Ruling date Sport/Event NOC 1st, gold medalist(s) 2nd, silver medalist(s) 3rd, bronze medalist(s) Total Comment
List of official changes in medal standings (during the Games)
15 August 2008 Shooting
Men's 10 metre air pistol
 North Korea (PRK) −1 −1 On 15 August 2008, the IOC announced that North Korean shooter Kim Jong-su had tested positive for the banned substance propranolol and he was stripped of his two medals. He had won a bronze medal in the 10 metre air pistol and silver in the 50 metre pistol. After the disqualification, the bronze medal in the 10 metre air pistol went to Jason Turner of the United States, the silver medal in the 50 metre pistol went to Tan Zongliang of China, and the bronze to Vladimir Isakov of Russia.[15]
 United States (USA) +1 +1
Shooting
Men's 50 metre pistol
 North Korea (PRK) −1 −1
 China (CHN) +1 −1 0
 Russia (RUS) +1 +1
16 August 2008 Wrestling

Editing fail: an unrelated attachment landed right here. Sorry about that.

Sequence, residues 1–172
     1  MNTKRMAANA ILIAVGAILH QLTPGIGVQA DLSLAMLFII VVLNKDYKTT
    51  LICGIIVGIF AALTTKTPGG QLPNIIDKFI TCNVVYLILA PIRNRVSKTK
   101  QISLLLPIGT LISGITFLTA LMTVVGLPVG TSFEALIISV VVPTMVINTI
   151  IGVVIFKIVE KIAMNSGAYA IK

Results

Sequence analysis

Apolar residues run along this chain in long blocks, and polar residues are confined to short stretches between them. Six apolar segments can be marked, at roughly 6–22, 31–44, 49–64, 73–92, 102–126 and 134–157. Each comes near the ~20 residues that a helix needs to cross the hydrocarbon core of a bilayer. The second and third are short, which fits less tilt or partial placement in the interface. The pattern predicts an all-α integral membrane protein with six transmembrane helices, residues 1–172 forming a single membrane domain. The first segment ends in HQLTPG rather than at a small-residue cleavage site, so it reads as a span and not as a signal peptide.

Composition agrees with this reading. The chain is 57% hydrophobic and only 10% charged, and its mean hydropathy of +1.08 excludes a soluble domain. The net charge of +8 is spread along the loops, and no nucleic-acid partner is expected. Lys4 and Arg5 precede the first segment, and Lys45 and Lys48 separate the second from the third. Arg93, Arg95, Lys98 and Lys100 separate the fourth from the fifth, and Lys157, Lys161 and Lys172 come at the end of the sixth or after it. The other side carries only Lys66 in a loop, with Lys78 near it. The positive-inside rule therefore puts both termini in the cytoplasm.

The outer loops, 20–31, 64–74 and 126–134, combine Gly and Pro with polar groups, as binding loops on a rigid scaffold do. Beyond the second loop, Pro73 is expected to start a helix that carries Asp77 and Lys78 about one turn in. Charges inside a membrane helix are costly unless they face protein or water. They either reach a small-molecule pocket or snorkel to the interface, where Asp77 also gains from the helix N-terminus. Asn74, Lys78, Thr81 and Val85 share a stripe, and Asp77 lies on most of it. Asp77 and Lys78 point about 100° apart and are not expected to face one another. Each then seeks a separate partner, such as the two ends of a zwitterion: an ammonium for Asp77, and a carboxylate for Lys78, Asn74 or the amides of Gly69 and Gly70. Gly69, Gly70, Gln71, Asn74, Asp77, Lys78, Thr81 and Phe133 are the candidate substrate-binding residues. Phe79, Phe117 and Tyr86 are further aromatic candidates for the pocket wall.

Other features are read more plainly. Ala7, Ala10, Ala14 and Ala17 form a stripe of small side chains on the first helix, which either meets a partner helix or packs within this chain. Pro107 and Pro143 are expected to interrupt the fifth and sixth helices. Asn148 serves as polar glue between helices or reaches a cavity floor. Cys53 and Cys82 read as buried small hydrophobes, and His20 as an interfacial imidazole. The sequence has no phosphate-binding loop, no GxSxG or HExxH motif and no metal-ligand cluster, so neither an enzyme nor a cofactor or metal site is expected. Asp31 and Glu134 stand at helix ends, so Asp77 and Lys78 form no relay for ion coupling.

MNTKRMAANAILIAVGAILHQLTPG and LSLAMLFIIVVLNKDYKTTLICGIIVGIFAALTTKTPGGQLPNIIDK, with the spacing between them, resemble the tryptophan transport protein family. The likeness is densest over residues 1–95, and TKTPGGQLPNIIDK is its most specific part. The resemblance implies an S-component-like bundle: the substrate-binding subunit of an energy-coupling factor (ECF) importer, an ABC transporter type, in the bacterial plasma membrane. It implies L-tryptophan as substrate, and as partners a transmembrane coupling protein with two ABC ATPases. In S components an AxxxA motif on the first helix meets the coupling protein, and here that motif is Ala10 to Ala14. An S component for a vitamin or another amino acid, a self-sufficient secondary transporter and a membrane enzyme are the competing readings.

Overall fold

Men's Greco-Roman 84 kg
 Sweden (SWE) −1 −1 Swedish wrestler Ara Abrahamian was originally awarded a bronze medal in the Greco-Roman 84 kg event. However, at the medal ceremony he walked off the podium and dropped his medal on the mat in protest against the judging in his event. On 16 August 2008, the IOC decided to strip Abrahamian of his medal because they felt it amounted to a political demonstration and was disrespectful to other athletes.[16] As there was already one other bronze medalist in this event, Abrahamian's medal was not reallocated.
22 August 2008 Athletics
Women's heptathlon
 Ukraine (UKR) −1 −1 Ukrainian athlete Lyudmyla Blonska, who finished second in the women's heptathlon, tested positive for the steroid methyltestosterone. On 22 August 2008, the IOC officially stripped Blonska of her medal, and as a result, the silver medal went to Hyleas Fountain of the United States, and the bronze medal to Tatyana Chernova of Russia.[17]